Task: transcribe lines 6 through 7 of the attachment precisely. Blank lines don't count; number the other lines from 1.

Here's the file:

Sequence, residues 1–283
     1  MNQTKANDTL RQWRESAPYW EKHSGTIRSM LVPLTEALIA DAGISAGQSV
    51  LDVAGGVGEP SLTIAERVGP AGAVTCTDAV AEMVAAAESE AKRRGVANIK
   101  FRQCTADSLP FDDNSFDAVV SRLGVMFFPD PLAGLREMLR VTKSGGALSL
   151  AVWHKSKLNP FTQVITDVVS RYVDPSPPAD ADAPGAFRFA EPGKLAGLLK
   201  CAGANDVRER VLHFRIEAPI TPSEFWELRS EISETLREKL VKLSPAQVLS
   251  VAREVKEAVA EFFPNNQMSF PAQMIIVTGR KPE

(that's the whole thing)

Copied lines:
   201  CAGANDVRER VLHFRIEAPI TPSEFWELRS EISETLREKL VKLSPAQVLS
   251  VAREVKEAVA EFFPNNQMSF PAQMIIVTGR KPE